By Kate McCaffrey
Publisher/Year: Echo 2023
Truth is like a lens we apply to everything we see. It is malleable and transformative. We can bend it, mould it shape it, vanish it. Our minds allow us to foreground parts of it and background other. We do this to present the versions of ourselves we want the world to see, and hide the versions we can’t bear to reveal.
When Western Australian radio journalist Amy Rhinehart decides to use a crime podcast to explore a gruesome murder, she’s seeking ratings, awards and career glory. Her idea: to use the listeners of her radio show as its co-creators, with live-time calls and digital suggestion boards. The case: Jonah Scott, charged and imprisoned for life for the murder of his girlfriend, Casey Williams. Although Jonah went to great lengths to hide the body, when arrested he confessed immediately and pleaded guilty. Is the case really as open-and-shut as it would seem? Or is something more sinister afoot.
Amy’s investigation plunges her into a world of drugs, sex, gender identity and religious cults … and in her search for the truth, she finds she also has to answer questions within herself.
Reviewer: Lesley Vick
This compelling story taps into contemporary phenomena such as real crime podcasts and broadcasters – especially radio – sourcing content from listeners calling in and making suggestions. Double Lives also deals with current contentious issues like transphobia and homophobia as well as the malign influence of religious cults. Truth, gender and identity are all examined. Two related stories are being told – the relationship between Jonah and Casey and Amy’s investigations of the religious cult run by Jonah’s family, and the family’s possible involvement in Casey’s murder. As with real life true crime podcasts, the involvement of listeners raises ethical questions about justice, media bias and the possibility that criminal investigations may be compromised. Double Lives is a sad story about discrimination and lack of tolerance.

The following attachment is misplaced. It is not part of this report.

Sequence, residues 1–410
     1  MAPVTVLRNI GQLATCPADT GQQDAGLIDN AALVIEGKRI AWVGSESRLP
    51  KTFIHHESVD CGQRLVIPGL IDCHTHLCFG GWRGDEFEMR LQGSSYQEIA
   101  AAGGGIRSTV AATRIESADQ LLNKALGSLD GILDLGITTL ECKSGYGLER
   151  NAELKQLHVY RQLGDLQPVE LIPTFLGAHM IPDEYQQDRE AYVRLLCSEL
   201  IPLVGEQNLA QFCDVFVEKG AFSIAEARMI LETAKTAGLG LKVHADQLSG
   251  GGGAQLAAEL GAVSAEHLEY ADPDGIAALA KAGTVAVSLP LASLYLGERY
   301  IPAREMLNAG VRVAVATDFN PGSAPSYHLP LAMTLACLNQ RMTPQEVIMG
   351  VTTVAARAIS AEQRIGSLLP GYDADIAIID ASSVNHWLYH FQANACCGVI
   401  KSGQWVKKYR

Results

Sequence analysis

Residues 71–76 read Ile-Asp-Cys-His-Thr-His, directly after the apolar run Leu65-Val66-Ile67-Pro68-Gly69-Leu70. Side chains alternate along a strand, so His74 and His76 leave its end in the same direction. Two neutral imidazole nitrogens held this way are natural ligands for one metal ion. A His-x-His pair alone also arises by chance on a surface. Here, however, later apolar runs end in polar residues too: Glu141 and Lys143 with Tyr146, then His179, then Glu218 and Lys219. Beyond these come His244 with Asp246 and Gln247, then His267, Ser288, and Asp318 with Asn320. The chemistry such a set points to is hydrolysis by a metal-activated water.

The author deals with these issues sensitively and as Amy delves further into the case, she comes to realise that things are more complex than she had previously thought. Despite Jonah’s guilty plea, even establishing the facts turns out to be difficult. Did Jonah know the truth about Casey or was it a sudden shock discovery? Had Casey deliberately deceived him and is that relevant to his conviction? To what extent were members of his family cult involved in the murder, if at all? What part did shame and guilt arising from the cult’s rigid beliefs play and was Jonah also a victim? Why did Jonah hide the body then plead guiltyor avail himself of a legal defence that could have reduced his sentence? All these queries raise doubts about Jonah’s guilt in Amy’s mind and in the minds of her listeners. As the investigation proceeds. we learn details about the backstories of Jonah and Casey as well as Amy herself. These revelations shed light on the circumstances of the crime and Amy’s approach to the investigation.
The story is told by shifting between podcast transcripts and narration which works well. The exploration of the controversial issues involved will make readers think about their own attitudes to those issues, and some readers may find the story’s ending challenging.